The fear that most professionals have surrounding 360-degree feedback and other peer review systems stems from their lack of control in the matter i.e., they won’t know what’s being said about them until it’s too late, but as a manager, you can play a key role in curbing these apprehensions. Reassure your employees that anything that comes to light during the feedback process will be the start of a conversation—and not the end of the line.

Not only does this approach take the pressure off of you to make snap judgements, it also allows you to dig deeper into any areas of concern to address the root cause.

Who Should be Involved?

If you’ve been empowering your direct reports to take ownership over their projects and assignments, you likely don’t have a complete understanding of their collaborative efforts. You may see the progress as well as the end result, but there’s likely another person or persons involved in this project that can provide some deeper insights about what it’s like to work with your employee.

Challenge yourself to think of those coworkers who have worked closely with your employee—not just the colleagues whose opinions you value. Although you might consider your trusted colleague to be an excellent judge of character, if they don’t have substantial experience working directly with your employee the most you can hope to gain from their review is a surface-level opinion.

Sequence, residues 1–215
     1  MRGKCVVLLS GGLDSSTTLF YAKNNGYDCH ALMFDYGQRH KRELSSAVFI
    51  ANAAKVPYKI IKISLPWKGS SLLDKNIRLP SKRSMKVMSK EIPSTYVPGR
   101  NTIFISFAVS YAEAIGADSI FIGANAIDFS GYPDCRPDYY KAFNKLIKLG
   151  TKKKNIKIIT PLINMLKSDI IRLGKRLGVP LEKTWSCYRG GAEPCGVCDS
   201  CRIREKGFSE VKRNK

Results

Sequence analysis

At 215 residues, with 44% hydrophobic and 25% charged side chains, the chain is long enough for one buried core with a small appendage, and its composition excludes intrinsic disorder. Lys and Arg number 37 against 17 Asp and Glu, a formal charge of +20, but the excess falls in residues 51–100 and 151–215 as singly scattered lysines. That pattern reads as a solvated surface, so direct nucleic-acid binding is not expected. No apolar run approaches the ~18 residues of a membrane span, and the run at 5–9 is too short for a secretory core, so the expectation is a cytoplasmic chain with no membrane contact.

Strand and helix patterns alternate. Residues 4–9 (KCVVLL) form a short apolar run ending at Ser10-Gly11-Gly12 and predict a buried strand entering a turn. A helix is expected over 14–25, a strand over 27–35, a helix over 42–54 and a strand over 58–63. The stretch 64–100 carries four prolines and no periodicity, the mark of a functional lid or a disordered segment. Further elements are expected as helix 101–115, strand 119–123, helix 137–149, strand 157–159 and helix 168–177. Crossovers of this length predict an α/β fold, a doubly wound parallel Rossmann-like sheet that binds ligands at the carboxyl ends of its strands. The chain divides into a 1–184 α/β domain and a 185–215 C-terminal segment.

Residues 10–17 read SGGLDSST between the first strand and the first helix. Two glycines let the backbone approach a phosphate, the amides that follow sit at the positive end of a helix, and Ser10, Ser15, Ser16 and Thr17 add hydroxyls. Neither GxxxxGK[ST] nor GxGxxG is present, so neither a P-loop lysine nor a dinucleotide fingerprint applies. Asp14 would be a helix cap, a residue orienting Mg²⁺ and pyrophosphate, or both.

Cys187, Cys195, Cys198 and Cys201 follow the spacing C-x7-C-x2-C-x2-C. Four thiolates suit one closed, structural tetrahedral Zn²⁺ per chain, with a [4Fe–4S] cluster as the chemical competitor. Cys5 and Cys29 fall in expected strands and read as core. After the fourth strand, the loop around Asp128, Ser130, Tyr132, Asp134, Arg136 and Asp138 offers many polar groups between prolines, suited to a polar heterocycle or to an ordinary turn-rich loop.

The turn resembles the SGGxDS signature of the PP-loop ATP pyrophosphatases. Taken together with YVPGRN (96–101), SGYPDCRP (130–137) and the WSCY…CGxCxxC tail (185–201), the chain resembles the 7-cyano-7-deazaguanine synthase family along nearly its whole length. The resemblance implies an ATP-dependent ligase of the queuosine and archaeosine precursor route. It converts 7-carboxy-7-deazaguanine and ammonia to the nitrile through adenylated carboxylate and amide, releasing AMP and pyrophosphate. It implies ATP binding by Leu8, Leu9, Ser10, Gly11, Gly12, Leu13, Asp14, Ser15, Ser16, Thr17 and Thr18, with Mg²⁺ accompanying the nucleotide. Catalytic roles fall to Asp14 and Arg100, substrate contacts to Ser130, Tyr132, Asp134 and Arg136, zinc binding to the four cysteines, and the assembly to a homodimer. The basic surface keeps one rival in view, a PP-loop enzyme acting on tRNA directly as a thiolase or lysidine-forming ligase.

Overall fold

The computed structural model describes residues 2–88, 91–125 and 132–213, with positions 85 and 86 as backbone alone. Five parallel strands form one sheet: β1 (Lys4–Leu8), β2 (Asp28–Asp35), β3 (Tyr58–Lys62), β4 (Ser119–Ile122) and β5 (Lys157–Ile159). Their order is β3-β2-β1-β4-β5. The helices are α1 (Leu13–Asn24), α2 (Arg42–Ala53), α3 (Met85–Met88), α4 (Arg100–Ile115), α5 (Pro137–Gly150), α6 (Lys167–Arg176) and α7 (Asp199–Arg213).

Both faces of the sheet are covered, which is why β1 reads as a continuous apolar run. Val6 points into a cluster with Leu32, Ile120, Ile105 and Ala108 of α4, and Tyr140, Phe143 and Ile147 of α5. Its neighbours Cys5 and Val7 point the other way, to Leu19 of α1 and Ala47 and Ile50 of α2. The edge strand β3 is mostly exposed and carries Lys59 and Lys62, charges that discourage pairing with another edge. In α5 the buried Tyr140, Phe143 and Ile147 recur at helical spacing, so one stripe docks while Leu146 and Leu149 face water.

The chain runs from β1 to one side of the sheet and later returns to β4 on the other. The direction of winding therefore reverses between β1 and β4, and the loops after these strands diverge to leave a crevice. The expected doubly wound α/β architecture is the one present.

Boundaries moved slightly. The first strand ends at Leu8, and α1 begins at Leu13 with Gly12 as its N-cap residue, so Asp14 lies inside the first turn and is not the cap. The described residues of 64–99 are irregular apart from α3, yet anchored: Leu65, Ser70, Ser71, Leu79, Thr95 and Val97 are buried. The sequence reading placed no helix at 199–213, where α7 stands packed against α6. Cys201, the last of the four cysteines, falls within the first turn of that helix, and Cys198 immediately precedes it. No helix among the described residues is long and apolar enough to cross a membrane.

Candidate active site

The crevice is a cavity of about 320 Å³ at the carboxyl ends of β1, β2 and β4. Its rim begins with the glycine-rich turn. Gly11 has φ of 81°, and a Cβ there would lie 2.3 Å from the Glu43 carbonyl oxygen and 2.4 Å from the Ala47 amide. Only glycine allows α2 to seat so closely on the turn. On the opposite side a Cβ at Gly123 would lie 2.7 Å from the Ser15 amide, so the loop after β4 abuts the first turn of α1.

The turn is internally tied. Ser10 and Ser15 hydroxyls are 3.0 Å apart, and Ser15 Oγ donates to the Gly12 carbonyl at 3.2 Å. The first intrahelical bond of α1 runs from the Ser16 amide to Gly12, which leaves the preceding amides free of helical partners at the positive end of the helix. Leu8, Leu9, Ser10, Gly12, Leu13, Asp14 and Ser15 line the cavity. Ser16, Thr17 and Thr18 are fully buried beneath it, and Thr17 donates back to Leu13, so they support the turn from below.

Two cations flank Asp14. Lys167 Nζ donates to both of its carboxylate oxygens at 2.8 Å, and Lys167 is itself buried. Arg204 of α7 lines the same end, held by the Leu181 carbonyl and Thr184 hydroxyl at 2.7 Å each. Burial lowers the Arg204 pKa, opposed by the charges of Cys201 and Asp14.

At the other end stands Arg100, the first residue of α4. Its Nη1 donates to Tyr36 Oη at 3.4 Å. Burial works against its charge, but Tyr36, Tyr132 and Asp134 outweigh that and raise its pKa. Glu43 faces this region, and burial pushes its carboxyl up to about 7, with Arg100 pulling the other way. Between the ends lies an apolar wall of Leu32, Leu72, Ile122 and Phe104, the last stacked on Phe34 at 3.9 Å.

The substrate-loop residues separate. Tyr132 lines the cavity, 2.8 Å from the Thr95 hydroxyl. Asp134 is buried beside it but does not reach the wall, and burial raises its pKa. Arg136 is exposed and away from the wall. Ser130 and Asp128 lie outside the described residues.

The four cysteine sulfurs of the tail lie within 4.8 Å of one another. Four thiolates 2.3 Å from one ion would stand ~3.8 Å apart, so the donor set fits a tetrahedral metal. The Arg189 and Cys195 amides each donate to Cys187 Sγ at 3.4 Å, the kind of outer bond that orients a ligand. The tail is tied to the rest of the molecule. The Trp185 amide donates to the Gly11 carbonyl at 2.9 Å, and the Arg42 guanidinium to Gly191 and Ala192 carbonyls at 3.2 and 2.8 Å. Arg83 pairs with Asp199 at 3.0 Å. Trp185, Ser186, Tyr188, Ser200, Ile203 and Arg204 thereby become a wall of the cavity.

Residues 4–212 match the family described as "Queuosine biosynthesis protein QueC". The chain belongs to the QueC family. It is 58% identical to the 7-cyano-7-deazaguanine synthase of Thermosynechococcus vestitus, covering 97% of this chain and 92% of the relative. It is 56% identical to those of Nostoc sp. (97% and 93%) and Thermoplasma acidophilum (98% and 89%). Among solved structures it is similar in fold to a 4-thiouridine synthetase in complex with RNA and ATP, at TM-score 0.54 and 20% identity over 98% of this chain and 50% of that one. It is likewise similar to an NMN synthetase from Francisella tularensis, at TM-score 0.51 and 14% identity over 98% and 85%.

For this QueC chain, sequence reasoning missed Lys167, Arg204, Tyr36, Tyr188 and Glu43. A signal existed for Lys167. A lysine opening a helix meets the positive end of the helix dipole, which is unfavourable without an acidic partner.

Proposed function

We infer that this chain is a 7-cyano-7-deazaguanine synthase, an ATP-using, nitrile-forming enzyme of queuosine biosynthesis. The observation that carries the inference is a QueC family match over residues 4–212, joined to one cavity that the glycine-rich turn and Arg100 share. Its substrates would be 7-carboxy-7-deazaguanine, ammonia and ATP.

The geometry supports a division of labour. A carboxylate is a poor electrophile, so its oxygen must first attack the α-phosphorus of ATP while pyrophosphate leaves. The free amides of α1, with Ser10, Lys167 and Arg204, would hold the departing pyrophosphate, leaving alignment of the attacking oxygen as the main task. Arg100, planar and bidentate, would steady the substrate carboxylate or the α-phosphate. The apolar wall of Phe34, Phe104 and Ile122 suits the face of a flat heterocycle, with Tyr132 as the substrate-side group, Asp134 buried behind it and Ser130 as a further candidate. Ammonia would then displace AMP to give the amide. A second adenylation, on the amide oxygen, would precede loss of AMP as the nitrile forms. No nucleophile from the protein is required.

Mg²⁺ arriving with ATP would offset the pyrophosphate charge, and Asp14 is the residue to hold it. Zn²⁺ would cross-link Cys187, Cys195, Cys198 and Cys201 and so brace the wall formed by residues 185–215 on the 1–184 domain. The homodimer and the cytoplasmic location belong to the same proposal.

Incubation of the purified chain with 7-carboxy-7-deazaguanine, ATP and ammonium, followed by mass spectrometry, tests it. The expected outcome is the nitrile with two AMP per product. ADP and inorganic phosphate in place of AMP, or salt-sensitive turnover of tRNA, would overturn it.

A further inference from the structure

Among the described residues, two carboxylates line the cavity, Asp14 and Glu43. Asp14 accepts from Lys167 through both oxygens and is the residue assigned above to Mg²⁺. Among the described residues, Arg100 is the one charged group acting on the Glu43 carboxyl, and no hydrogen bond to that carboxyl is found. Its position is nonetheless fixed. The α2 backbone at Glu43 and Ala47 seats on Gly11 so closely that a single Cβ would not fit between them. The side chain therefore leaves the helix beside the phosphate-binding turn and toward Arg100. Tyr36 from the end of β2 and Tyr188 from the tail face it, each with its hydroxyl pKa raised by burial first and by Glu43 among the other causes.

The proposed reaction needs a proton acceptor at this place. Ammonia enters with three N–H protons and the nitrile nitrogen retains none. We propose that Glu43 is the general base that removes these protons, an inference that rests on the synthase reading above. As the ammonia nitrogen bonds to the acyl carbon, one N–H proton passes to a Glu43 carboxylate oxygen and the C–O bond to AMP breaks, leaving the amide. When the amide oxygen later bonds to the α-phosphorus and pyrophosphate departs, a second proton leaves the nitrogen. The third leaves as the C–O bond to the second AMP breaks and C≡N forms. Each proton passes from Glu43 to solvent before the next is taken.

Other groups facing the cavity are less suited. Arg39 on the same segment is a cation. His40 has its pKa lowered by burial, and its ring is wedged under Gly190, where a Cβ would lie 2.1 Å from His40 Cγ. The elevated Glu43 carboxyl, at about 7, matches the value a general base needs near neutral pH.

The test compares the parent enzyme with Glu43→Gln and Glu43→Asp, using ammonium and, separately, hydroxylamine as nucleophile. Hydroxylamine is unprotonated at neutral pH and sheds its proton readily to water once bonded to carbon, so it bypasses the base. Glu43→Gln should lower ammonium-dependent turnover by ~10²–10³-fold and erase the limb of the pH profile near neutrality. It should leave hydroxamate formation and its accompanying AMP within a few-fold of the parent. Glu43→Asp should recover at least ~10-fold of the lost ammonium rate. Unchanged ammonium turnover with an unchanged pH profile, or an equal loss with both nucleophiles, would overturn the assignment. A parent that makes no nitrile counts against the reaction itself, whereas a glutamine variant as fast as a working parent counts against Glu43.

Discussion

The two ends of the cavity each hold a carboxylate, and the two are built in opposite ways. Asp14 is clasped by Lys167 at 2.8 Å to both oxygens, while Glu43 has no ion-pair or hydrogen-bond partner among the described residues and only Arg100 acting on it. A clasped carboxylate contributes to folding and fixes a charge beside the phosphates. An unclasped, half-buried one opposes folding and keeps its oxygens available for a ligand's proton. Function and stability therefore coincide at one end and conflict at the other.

Raising the Stake(holder)s

If you’ve been empowering your direct reports to take ownership over their projects and assignments, you likely don’t have a complete understanding of their collaborative efforts. You may see the progress as well as the end result, but there’s likely another person or persons involved in this project that can provide some deeper insights about what it’s like to work with your employee.

Using 360-Degree Feedback

For Employees

Employees who receive
feedback on their
strengths are shown to be
14.9%
Lower turnover rates
than those who dont.2


Know Your Weaknesses as Well as Your Strengths

When reviewing themselves, many employees tend to believe that exposing their flaws is essentially the same as shooting themselves in the foot, but this is far from the truth. And while this is certainly not the place to downplay your strengths, remember that nobody’s perfect—as cliché as it may sound. In reality, an inability to acknowledge or address your own weaknesses is more likely to raise a red flag than land you a raise.